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Self-learning VS Lessons

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Jared
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Hey everybody,

I've had the pleasure of browsing some interesting topics over the last few days here. I have a question for all those experienced vocalists.

Has self-learning made you into the singer you wanted to be? Ebooks and DVDs...have they made you improve rapidly and to an impressive point?

I am all about self-help. I have invested in lots of marketing, photography, weightlifting, and tons of topics about becoming a better person...but all those had a visual measurable result. Am I getting more sales? Is my photographic process becoming tighter? Am I getting stronger and larger? It's very easy to look and see.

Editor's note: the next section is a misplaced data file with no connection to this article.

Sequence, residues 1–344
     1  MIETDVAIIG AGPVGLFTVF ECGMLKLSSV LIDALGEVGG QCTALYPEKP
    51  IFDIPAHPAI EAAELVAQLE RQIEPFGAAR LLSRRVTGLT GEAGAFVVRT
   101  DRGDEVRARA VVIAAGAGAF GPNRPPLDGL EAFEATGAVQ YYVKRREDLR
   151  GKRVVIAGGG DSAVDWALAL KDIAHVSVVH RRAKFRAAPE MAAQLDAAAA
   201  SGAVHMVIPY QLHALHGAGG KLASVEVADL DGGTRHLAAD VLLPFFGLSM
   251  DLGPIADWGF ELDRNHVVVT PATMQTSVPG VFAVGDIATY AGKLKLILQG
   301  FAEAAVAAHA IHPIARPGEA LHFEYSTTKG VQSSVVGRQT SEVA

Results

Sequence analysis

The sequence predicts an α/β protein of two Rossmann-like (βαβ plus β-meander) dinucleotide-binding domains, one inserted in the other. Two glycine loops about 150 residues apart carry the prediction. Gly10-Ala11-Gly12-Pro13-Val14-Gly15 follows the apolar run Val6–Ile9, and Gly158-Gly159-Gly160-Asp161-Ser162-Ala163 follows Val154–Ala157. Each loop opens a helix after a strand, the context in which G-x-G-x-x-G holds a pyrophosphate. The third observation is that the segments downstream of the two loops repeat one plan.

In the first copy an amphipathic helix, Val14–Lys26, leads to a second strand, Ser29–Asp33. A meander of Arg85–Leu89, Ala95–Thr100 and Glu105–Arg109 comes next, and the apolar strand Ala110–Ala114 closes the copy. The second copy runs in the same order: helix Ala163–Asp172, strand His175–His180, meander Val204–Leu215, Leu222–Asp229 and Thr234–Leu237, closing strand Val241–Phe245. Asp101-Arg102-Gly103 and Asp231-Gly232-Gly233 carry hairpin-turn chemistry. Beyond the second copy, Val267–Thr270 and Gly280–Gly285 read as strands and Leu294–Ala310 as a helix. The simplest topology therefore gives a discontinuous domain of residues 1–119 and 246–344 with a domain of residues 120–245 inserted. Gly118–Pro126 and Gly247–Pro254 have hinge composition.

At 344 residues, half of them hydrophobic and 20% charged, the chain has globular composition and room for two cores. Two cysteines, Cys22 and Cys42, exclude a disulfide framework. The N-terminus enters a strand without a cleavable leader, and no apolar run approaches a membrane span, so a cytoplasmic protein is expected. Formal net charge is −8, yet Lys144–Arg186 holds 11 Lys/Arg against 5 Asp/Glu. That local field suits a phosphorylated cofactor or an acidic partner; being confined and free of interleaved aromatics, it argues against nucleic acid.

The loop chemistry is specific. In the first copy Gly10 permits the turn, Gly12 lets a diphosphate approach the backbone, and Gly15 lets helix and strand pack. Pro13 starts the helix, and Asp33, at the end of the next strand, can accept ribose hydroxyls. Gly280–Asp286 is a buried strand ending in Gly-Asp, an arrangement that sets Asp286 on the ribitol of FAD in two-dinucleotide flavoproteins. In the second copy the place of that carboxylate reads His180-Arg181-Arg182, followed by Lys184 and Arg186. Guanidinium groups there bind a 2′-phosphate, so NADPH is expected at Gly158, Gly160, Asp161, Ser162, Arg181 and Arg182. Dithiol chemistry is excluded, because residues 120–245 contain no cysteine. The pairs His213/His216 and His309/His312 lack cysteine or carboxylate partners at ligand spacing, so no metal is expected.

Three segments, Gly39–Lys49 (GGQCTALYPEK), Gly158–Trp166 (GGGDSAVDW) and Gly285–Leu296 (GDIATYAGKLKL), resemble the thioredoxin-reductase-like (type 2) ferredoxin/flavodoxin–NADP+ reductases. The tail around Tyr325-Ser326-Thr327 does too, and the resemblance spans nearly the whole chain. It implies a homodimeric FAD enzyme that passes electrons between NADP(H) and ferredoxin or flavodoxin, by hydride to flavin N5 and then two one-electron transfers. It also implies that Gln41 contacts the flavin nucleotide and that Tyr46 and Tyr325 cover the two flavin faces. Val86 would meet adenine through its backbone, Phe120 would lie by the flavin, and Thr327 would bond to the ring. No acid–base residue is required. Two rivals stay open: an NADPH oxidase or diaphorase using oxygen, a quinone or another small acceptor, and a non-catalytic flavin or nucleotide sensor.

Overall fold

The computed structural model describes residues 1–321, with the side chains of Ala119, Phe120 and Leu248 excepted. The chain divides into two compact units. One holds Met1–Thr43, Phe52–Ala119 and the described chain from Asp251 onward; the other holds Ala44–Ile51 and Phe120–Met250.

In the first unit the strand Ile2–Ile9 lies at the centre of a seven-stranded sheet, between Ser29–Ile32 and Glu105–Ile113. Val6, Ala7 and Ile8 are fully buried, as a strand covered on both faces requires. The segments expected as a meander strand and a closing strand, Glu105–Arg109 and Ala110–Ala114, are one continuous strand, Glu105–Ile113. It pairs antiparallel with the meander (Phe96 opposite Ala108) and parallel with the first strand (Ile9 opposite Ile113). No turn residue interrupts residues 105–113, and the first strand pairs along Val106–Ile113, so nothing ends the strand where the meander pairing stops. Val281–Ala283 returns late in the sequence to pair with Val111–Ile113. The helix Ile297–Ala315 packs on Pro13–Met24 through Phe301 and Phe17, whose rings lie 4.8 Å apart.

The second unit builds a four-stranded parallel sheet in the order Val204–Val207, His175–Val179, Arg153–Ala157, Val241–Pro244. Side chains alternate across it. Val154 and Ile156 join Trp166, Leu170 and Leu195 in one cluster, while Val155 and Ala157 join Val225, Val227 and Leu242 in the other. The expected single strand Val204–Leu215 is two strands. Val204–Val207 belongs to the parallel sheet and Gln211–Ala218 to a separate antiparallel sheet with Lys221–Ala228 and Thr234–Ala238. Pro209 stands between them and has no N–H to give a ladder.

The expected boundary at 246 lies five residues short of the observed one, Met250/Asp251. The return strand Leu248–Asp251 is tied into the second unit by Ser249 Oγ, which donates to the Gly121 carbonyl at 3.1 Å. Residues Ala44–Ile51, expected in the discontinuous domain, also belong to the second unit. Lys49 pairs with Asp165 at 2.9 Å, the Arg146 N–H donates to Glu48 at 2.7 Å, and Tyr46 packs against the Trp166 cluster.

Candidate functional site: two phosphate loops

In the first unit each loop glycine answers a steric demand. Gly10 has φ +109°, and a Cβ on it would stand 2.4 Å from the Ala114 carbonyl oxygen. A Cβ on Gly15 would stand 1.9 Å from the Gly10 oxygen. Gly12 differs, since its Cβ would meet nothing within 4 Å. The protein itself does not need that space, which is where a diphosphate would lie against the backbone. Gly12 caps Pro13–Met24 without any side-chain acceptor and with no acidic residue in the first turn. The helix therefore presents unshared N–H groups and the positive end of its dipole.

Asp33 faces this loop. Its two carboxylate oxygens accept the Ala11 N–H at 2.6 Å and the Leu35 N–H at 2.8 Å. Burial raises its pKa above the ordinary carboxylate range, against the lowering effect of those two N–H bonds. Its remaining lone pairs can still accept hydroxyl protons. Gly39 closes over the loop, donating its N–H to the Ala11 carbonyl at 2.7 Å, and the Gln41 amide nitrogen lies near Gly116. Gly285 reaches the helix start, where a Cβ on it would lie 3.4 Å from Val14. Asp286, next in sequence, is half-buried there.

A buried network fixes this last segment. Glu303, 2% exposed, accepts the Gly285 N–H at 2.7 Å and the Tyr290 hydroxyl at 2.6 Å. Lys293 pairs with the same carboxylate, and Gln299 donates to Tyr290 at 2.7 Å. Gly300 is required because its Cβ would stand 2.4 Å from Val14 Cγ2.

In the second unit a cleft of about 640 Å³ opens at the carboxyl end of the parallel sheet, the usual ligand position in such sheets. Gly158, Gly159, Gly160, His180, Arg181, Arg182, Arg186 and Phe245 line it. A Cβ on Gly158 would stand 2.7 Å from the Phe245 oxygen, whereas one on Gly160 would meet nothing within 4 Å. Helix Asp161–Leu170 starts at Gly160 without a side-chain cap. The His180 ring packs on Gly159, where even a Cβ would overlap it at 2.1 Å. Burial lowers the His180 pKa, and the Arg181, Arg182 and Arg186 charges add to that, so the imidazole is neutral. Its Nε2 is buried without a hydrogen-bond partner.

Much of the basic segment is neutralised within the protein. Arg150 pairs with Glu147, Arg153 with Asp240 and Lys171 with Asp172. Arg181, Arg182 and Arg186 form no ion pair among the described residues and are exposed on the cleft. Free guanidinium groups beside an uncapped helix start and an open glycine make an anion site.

I totally believe in the process but I'm wondering if it's the right solution for me as everyone knows what you hear in your head isn't really the best judge of vocal talent. How do self-help enthusiasts get around this...do you record your voice a lot? I think even with recordings of my own voice, I don't think I'd be able to properly judge the pitfalls and successes of it.

I thought lessons would be the answer but I've had a really hard time finding a teacher who understood my goals and could help me. The best teacher I had was teaching SLS, and after reading here, it seems like it especially does not fit my goals. The best thing I've seen so far was Ken Tamplin DVDs which I'm highly considering purchasing.

For those in Toronto who have a teacher they'd like to recommend, I'm all ears.